Spankrjs 1985 Spring Special CJ-7

spankrjs

Scrambler Junkie
LIFETIME
CJ-8.com Member
City
Biloxi
State
MS
#81
Success with the rear flex line, no damage to the upper frame mounted hard line fitting!!

IMG_20190611_173434915.jpg

I was able to break the frame line fitting from the flex hose with just a line wrench, no torch required up there. This upper fitting is a huge PIA to get to, hidden behind the angle bracket. You can loosen the line from the cross member to get some more slack, and put a torch on it, if necessary. Kind of risky, that close to the gas tank. I have done it before, usually get covered with hot brake fluid and melted rubber LOL!!!

My passenger side, short hard line, did not want to come off the lower end of the flex line. So I cut the rubber hose, removed the lower part of the flex hose/hard line as an assembly, put a torch on it, got it off.

IMG_20190611_173448525.jpg

After getting the flex line replaced, I rebuilt the rear drum brakes. My drums still had screws securing them to the stock two piece axle hub. I had to "make" this tool to break the screws free.

IMG_20190611_174044306.jpg

Passenger side looks OK, wheel cylinder rubber did not look too bad:

IMG_20190611_174049612.jpg

IMG_20190611_174057836.jpg

Driver side looks OK, too, wheel cylinder rubber did not look too bad on this side, either:

IMG_20190611_174113507.jpg

IMG_20190611_174109658.jpg

After a quick shot of the garden hose, the dust came off, everything looks new, except the wheel cylinders:

IMG_20190611_174435020.jpg

IMG_20190611_174451528.jpg

IMG_20190611_174440320.jpg

Looks like the owner before JeepAddict put new brake pads/hardware on the rear, to match new pads on the front. I was glad to not find any leaking axle seals. I am pretty sure the axles have a bit too much "in and out" play, I will check it later with the dial indicator to see. For now, the rear bearings seem fine. In the future, either an upgrade to Moser axles or Warn Full Float kit. I have played with the two piece stock axles before, I usually end up bending the hubs during removal. I don't waste too much time with them anymore.
 

spankrjs

Scrambler Junkie
LIFETIME
CJ-8.com Member
City
Biloxi
State
MS
#82
I took the pictures, so a quick "how I put rear drums back together". Not a step by step, just how I do it. NOTE - do one side at a time, to keep from mixing up parts, more on this later.

First, I removed the old, installed the new wheel cylinder. Remove the bleeder off the wheel cylinder before you remove/install it. Almost impossible to get the wheel cylinder in place with the bleeder screw installed.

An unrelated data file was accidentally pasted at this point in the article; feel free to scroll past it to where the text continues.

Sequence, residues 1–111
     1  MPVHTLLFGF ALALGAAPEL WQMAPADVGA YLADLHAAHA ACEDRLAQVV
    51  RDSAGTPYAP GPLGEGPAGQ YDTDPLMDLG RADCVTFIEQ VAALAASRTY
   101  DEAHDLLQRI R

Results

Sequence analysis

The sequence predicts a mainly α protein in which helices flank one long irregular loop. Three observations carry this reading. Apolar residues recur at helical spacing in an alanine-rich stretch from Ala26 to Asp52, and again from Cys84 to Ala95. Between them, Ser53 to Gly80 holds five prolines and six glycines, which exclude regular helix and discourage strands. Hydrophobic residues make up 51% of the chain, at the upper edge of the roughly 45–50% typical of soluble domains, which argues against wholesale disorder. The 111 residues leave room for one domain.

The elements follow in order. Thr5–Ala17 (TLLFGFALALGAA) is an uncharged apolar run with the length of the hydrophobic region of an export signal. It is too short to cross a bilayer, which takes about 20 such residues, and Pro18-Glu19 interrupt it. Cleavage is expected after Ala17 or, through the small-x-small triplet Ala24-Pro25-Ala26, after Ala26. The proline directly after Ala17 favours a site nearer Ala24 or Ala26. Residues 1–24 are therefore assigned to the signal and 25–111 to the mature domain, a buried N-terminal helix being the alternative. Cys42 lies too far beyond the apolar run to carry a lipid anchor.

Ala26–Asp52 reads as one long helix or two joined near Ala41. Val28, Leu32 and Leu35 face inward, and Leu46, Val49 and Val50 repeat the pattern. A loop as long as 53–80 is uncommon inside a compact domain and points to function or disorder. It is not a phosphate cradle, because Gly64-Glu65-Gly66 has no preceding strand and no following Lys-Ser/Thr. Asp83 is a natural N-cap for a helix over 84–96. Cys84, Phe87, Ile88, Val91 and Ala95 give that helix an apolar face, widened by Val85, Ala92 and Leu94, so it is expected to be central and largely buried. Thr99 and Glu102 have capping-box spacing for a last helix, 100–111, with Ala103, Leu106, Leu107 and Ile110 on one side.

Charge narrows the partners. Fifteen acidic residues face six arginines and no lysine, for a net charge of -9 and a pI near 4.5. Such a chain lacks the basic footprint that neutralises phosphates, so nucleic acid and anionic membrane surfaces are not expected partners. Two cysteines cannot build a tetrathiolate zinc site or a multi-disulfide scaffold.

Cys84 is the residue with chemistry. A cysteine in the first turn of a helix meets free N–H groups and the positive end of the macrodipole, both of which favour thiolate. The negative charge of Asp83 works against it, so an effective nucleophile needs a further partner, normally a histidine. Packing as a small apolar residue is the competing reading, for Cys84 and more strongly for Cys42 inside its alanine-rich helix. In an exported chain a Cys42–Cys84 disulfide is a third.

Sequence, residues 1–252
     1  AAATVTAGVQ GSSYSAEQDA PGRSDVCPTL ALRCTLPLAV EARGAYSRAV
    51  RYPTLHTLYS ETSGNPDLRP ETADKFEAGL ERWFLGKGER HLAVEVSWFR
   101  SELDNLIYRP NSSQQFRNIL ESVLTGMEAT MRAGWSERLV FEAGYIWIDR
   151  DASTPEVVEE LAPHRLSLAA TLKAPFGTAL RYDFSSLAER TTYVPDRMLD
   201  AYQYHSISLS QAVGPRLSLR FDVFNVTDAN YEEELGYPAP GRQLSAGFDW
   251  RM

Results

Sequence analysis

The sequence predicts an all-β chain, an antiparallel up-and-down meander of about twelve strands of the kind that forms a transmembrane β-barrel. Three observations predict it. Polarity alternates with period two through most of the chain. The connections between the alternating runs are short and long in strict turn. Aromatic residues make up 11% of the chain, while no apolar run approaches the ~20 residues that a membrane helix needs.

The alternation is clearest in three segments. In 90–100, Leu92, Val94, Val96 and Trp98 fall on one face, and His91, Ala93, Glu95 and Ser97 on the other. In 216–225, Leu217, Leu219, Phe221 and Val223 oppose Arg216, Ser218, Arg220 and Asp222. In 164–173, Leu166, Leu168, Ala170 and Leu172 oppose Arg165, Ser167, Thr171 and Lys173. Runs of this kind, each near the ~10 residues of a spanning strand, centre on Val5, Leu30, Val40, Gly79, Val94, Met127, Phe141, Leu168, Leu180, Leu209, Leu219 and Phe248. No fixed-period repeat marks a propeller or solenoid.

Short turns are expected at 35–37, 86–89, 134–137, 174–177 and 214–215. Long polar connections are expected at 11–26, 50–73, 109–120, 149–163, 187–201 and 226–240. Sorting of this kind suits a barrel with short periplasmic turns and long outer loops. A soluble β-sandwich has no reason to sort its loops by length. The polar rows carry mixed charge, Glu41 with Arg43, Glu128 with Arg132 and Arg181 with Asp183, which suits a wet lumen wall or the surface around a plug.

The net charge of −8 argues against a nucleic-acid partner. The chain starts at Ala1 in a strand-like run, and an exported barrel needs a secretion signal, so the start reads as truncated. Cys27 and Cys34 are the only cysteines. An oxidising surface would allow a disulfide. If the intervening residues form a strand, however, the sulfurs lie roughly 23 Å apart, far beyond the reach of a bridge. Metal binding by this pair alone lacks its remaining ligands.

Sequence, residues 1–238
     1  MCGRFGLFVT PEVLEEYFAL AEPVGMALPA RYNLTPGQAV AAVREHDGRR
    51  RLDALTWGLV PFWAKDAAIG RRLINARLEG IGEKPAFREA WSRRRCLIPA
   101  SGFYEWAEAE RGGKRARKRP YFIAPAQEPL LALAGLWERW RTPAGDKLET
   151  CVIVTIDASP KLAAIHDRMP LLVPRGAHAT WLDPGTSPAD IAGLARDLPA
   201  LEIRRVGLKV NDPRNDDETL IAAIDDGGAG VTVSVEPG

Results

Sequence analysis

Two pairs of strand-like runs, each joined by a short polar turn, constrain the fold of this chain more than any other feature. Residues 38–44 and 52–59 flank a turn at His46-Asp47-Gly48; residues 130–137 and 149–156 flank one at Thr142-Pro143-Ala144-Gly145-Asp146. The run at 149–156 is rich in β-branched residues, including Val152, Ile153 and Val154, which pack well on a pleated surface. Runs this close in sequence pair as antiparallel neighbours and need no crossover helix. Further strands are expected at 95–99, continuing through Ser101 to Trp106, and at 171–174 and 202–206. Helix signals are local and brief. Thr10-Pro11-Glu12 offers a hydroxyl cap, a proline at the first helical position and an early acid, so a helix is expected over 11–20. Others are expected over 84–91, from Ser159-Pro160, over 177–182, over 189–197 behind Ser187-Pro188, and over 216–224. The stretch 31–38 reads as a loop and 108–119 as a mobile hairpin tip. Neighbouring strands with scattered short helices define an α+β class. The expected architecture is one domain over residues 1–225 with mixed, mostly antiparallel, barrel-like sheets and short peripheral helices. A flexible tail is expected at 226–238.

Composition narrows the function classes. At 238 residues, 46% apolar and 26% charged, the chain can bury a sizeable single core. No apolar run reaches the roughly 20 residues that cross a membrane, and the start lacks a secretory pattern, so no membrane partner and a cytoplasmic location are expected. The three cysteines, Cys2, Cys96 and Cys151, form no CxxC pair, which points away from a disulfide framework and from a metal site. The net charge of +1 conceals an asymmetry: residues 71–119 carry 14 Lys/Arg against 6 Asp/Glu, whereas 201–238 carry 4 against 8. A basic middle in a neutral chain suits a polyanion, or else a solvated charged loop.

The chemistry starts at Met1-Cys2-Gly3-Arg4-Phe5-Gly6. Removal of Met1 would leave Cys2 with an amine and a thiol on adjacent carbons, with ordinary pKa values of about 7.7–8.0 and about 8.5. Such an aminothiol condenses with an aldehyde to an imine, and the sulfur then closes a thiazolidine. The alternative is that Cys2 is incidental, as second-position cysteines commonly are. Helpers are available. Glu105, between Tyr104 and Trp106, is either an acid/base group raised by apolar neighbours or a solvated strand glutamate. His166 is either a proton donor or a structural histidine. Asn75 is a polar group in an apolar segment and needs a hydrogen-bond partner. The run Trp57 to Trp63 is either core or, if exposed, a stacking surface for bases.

IMG_20190611_180900086.jpg

IMG_20190611_180906017.jpg

Next, I install the swing arm part to the rear shoe.

IMG_20190611_181311444.jpg

Install the parking brake cable through the bottom of the swing arm.

IMG_20190611_181358510.jpg

Install the rear show to the backing plate.

IMG_20190611_181712171.jpg

Install the strut, with its spring next.

IMG_20190611_181714533.jpg

Install the gold looking piece on the backing plate post, then the cable. I also installed the cable bracket to the rear shoe.

IMG_20190611_182616803.jpg

Install the rear shoe spring.

IMG_20190611_182800542.jpg

Install the front shoe, and its yellow spring:

IMG_20190611_182939890.jpg

The next part, I do my way. I install the cable end to the adjuster bracket, then the lower big spring to the same bracket. I do this WITHOUT the adjuster screw thing installed. I do it this way by hand, easy to install. I find it easier to gently pry the shoes apart after the lower bracket/spring is installed, and then install the adjuster screw. That's how I do it, I find it to be pain free.

IMG_20190611_183226926.jpg
 

spankrjs

Scrambler Junkie
LIFETIME
CJ-8.com Member
City
Biloxi
State
MS
#83
Another picture, showing the lower bracket/cable/spring installed WITHOUT the adjuster screw in place.

IMG_20190611_183239295.jpg

Through all of my years of messing with Jeep CJ rear drum brakes, I have found this to be the best way to install the lower stuff. If the adjuster screw is in place, then you have to really pry/pull on the spring to get it in place. Hard to do with the rear axle hub in the way. It can be done, and I can do it that way, just a PIA in my experience.

Next, I anti-sieze the hell out of the adjuster.

IMG_20190611_183332989.jpg

Finally, gently pry the two shoes apart, install the adjuster screw thing.

IMG_20190611_184624108.jpg

Finished:

IMG_20190611_184948990.jpg

Now, not every thing went perfect.